We all know what the usual photographs of Chinese metropolises look like. Everybody is wearing surgical masks, desperately trying to […]
We all know what the usual photographs of Chinese metropolises look like. Everybody is wearing surgical masks, desperately trying to protect themselves from the omnipresent smog, with a few metres of visibility at best. That is not the case of Xiamen, though. The tourist-friendly town with sandy beaches and historical architecture has tried a different approach to commerce, and it seems to be paying off.
While you can still find cars in the city today, motorcycles and mopeds were outlawed in the city altogether in the 1990s in pursuit of cleaner air. As a result, many residents in the area started to rely on bicycles, and the local officials have been taking advantage of that ever since. That is why the longest suspended bike path in the world was opened in Xiamen last year.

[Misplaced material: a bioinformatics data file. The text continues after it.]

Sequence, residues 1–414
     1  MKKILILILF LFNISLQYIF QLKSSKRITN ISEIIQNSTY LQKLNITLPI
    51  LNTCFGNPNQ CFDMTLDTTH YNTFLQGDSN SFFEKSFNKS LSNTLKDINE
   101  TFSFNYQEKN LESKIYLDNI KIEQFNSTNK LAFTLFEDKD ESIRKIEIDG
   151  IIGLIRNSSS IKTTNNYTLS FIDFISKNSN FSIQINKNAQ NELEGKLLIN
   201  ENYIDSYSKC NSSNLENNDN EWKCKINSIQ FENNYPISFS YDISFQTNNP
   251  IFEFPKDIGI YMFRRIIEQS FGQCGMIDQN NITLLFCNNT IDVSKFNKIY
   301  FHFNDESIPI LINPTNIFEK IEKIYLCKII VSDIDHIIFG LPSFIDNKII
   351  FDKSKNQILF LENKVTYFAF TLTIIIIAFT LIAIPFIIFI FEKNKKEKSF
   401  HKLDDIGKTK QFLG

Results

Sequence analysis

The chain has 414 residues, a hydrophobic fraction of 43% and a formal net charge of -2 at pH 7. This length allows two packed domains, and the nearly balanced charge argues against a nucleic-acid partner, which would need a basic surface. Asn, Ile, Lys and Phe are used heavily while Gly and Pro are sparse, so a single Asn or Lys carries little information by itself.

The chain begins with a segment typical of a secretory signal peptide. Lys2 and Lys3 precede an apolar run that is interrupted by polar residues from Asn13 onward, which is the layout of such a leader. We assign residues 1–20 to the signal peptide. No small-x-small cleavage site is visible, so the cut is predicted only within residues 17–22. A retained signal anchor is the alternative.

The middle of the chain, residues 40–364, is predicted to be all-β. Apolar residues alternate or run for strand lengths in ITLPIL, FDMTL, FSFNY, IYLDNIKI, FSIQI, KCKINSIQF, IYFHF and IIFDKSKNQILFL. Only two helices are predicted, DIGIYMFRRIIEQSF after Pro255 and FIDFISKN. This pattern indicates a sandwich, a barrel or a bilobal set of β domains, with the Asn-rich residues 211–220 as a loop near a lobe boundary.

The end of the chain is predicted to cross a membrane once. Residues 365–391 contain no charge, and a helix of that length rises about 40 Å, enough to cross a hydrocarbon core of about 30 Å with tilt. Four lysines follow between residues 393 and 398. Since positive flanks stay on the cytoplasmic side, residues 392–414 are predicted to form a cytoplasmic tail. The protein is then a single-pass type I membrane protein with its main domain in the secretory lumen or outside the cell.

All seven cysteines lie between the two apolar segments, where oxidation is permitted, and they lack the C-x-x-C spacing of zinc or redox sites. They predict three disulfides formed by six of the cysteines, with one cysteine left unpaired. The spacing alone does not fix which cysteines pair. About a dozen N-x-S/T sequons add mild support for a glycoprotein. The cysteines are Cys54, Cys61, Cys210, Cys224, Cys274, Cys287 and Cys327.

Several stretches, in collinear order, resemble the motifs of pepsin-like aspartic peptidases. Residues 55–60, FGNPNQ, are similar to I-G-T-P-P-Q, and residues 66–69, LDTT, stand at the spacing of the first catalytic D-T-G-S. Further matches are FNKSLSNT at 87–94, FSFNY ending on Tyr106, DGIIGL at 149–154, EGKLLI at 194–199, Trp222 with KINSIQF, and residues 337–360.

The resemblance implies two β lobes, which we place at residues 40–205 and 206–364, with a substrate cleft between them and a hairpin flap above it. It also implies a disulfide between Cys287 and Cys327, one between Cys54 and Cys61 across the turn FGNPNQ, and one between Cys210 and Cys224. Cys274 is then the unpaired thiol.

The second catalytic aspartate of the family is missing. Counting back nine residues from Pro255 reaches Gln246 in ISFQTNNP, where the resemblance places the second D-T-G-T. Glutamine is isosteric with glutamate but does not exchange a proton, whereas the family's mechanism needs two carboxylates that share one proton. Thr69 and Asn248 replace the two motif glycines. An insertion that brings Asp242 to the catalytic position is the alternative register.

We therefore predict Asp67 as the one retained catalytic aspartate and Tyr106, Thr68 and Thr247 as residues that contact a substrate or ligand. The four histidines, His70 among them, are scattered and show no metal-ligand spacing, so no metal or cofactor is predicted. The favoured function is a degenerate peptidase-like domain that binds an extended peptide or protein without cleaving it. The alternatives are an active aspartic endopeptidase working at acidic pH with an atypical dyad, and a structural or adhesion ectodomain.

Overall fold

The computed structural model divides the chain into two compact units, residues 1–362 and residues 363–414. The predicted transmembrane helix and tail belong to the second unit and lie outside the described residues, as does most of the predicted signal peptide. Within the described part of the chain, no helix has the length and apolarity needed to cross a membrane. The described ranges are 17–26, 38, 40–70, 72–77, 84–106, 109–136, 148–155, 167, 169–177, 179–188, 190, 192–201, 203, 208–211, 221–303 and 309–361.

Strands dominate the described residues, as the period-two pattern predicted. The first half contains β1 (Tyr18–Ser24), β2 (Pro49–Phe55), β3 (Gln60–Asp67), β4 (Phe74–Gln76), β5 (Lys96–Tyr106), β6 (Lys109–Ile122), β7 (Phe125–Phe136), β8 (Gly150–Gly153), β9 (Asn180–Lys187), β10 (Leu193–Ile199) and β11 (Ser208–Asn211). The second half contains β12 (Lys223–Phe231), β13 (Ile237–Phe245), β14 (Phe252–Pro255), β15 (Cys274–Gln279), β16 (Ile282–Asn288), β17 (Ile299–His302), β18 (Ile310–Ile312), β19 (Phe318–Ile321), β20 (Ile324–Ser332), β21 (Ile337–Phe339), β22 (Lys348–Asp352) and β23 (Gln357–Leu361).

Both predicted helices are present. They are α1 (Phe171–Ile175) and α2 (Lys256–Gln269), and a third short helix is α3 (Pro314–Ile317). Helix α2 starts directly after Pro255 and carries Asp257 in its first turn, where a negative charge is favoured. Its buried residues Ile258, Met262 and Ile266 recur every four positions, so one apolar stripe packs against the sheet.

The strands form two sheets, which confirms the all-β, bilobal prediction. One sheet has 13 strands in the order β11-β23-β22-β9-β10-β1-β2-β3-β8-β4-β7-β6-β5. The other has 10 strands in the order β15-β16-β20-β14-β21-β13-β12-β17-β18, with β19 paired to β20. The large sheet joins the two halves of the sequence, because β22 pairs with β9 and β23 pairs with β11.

The 7.6-kilometre-long track sits five metres above the main road. It connects all of the city’s major residential and business districts and the commuters have direct access to 11 bus stations and 2 subway stops. The cycling lane is 15 feet wide, open from 6:30 AM till 10:30 PM and can handle over 2,000 bikes per hour. There are several stations with for-hire bikes as well as bike service stations and ample room for parking.
The cycleway was designed by Danish architecture firm Dissing + Weitling, famous for the Bicycle Snake built in Copenhagen. And while the Cykelslangen took several years to complete, the project in Xiamen was finished in just a few months. It seems that the Chinese in Xiamen really know what they want.